Orioles starter Dylan Bundy left the game after six innings with the score tied at 2, but the bullpen gave up the winning run in the eighth inning. (Kevin Richardson / Baltimore Sun video)
KANSAS CITY, MO. — The Orioles have experienced great success this season when taking a tied game into the late innings, mostly because their bullpen has been able to buy enough time until the offense can scrape across a run.
But with Buck Showalter's bullpen at half strength Friday night – the manager said that two relievers were unavailable and he would only use another in a save situation – the Orioles dropped a 3-2 decision to the Kansas City Royals in their series opener at Kauffman Stadium. It was just the Orioles' third loss in 11 one-run games this season.
Left-hander Vidal Nuno (0-1) allowed the game-winning run on Eric Hosmer's RBI double into the right-center-field gap in the eighth, scoring Lorenzo Cain.
The previous inning, right-hander Mychal Givens escaped a two-on, two-out jam. But neither Darren O'Day, Brad Brach nor Donnie Hart warmed up in the Orioles bullpen.
"We were thin, trying to back off some guys and get their legs back under them," Showalter said.
Showalter turned to Nuno in the eighth with left-handers Mike Moustakas and Hosmer among those due up. But Nuno, who entered the night with a 6.55 ERA and having pitched mainly in long relief, allowed a one-out single to Cain before Hosmer lined a ball into the gap.
Center fielder Adam Jones made a lunging attempt, but couldn't come up with the ball and it rolled to the wall, allowing Cain to score easily.
Nuno let four of the six batters he faced reach base, including one intentional walk, and was saved from further damage when left fielder Joey Rickard threw out Hosmer at home on Salvador Perez's single.
"We've done that many times," Showalter said of being without some key late-inning relievers. "That's how we've been able to keep our guys healthy. We'll continue to do that. It's a challenge. It's something we'll make some adjustments in as we go forward. We pitched well. That wasn't what beat us tonight. We didn't score enough runs. We pitched well enough to win that game. Let's keep the focus on that. Our whole pitching staff's been doing a pretty good job for us. That's one of the reasons we are where we are."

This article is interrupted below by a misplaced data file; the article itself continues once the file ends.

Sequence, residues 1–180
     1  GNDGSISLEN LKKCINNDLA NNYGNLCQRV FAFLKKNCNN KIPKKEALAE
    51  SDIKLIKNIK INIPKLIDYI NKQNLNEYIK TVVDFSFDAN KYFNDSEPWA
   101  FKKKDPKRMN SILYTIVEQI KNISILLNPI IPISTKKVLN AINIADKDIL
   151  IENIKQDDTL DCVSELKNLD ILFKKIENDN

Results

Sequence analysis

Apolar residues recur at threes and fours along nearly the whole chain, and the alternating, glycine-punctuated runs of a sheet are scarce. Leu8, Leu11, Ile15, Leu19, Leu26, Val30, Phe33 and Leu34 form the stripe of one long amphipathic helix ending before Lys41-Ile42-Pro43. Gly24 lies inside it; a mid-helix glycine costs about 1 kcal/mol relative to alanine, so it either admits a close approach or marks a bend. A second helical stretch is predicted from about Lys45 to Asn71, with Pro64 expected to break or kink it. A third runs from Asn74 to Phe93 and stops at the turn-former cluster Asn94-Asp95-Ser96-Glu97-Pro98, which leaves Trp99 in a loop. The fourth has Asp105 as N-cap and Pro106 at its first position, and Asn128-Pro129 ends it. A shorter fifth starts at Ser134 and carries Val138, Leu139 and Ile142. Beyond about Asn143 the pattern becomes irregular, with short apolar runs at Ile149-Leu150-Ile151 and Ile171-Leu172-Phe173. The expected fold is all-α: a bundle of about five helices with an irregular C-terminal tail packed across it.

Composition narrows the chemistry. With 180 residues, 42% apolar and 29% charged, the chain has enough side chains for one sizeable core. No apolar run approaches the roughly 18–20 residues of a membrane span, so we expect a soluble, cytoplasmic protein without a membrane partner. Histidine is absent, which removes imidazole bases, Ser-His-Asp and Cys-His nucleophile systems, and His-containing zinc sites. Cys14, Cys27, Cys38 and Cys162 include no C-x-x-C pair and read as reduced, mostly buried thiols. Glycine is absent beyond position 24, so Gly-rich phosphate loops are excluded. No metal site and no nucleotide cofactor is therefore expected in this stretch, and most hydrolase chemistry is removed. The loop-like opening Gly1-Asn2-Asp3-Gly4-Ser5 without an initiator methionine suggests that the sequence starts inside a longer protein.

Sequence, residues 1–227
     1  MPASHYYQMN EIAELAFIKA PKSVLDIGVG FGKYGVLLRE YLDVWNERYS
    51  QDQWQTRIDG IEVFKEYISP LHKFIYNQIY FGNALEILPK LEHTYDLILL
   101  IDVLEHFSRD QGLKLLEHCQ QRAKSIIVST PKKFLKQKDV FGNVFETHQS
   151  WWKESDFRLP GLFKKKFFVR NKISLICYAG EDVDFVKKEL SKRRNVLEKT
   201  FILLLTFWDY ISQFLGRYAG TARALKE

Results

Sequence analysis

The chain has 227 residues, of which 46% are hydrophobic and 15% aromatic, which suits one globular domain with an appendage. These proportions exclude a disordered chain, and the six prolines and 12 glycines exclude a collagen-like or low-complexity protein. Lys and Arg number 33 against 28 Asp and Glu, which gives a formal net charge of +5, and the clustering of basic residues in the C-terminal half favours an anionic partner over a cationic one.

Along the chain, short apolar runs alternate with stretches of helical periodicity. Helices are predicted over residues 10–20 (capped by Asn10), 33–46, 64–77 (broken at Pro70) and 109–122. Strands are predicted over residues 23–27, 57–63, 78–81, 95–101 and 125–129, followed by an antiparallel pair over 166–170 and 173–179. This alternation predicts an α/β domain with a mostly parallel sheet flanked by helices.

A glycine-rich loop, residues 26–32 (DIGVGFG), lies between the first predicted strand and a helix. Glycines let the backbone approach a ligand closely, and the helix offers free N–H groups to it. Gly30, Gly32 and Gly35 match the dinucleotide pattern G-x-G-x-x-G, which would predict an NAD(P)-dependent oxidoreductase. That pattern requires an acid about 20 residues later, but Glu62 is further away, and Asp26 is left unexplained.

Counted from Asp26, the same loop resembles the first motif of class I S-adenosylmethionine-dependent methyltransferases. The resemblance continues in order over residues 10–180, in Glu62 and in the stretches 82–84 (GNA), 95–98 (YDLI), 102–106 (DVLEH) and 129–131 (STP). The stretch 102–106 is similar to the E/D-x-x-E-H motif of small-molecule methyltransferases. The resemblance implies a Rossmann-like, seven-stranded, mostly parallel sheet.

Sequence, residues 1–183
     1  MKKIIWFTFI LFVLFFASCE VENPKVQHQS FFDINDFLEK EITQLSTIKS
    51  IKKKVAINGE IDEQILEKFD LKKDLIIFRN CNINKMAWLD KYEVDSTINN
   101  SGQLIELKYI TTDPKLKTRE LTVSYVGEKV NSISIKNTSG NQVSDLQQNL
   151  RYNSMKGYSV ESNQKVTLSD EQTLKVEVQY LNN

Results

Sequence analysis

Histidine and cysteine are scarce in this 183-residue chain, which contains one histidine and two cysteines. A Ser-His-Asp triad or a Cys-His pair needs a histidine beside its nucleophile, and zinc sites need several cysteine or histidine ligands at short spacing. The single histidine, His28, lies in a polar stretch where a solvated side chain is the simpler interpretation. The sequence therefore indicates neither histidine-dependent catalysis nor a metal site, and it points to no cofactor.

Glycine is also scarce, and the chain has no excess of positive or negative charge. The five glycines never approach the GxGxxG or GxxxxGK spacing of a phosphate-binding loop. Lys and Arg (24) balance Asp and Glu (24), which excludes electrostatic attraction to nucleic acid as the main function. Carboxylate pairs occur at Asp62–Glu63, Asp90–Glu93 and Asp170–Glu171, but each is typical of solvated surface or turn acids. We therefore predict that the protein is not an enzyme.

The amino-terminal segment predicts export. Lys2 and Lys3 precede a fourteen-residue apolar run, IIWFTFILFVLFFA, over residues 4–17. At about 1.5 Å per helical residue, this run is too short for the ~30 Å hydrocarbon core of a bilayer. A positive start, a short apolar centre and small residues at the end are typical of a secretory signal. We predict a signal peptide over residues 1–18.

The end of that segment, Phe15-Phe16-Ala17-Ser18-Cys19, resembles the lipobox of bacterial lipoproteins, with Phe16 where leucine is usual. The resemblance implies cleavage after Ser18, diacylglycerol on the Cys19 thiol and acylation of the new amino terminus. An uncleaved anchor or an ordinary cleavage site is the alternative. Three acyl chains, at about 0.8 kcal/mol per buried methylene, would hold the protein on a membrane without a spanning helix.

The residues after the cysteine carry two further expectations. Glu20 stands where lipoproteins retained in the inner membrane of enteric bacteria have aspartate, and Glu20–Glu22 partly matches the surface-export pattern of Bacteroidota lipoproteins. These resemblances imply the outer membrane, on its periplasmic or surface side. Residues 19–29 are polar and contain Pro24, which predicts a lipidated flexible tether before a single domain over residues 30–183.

The Orioles outhit the Royals 9-7 and seven of the team's nine starters had hits. But the Orioles offense could muster only two runs on the night against starter Danny Duffy (seven innings, eight hits), Joakim Soria and Kelvin Herrera. Soria and Herrera pitched scoreless innings in the eighth and ninth, respectively.
The Orioles had multiple opportunities to break through against the Royals down to the final out.
With two outs in the ninth, catcher Caleb Joseph hit a sinking liner that got past a diving Jorge Soler in right field and rolled to the fence for a triple. But pinch hitter Seth Smith popped up to end the game.
They also had an opportunity to score with three consecutive singles with two outs in the third inning, but Mark Trumbo was thrown out at home by Alex Gordon on Trey Mancini's single to left to end the frame.
"The overall performances of our starters when they haven't had their best stuff and they gave us a chance to win, I think we're doing well this year," Joseph said. "It's just too bad we couldn't push one across tonight."
Orioles right-hander Dylan Bundy posted his eighth consecutive quality start to open the season, holding the Royals to two runs over six innings in a no-decision.
Bundy's eight quality starts to open the season are the second most in club history, trailing only Hoyt Wilhelm's 10 straight to open the 1959 season.
One pitch – a knee-high 0-1 fastball that Royals designated hitter Brandon Moss sent into the stadium's fountains in right-center field – likely cost Bundy his sixth win of the season.
Bundy allowed just four hits on the night, including back-to-back doubles in the first inning by Moustakas and Cain that led to the first run of the game. Bundy retired 11 of the next 12 batters he faced before yielding Moss' homer.
Using mainly a fastball-changeup mix, Bundy tied his season high with eight strikeouts. He used his changeup to get ahead in the count – he induced eight of his 14 swinging strikes with the pitch, including three third strikes.
"Yeah and I was actually throwing it to righties more today, too," Bundy said. "I was happy with it. That is really all I can say about the changeup. Me and Caleb, we had a good game plan even though we didn't have a curveball. We executed it."
Joseph in the middle
Joseph was 3-for-3 and had his first career game with three extra-base hits.
Joseph drove in the team's first run with an RBI double off the left-center-field fence that scored J.J. Hardy from third with one out in the second. He then opened the seventh inning with another double, moved to third on Craig Gentry's sacrifice bunt and scored on Duffy's wild pitch. Joseph added a triple in the ninth, but was stranded there to end the game.
"He's been solid," Showalter said. "He's in a good place offensively right now. He continues to dial up what we need, and that's been impressive. He's always been a real good caller of the game, a good catcher. He's had a track record of hitting. Last year, we thought was a break from the norm. This year, he's gotten back what to what he's capable of."
Joseph is 9-for-16 with three RBIs over his past four games, raising his batting average from .174 to .274.
"I was using [Welington Castillo's] bat, so I have to call him and give him all the credit," Joseph said. "You try to do what you can to help the team out. Sometimes you do, sometimes you don't, but I think the main quality I want to bring every night is defense and I wasn't able to keep it at two [runs] and that's where I'll lose a little sleep tonight. But we'll get back at it tomorrow and see what we can do."
Joseph also made a sweep tag on Rickard's throw home to nab Hosmer in the eighth.